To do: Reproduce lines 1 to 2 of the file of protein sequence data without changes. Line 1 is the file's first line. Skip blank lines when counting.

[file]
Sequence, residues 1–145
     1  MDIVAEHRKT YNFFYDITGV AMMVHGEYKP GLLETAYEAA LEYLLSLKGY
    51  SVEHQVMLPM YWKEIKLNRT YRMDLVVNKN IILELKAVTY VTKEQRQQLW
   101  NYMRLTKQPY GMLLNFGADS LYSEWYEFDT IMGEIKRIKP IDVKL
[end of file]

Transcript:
Sequence, residues 1–145
     1  MDIVAEHRKT YNFFYDITGV AMMVHGEYKP GLLETAYEAA LEYLLSLKGY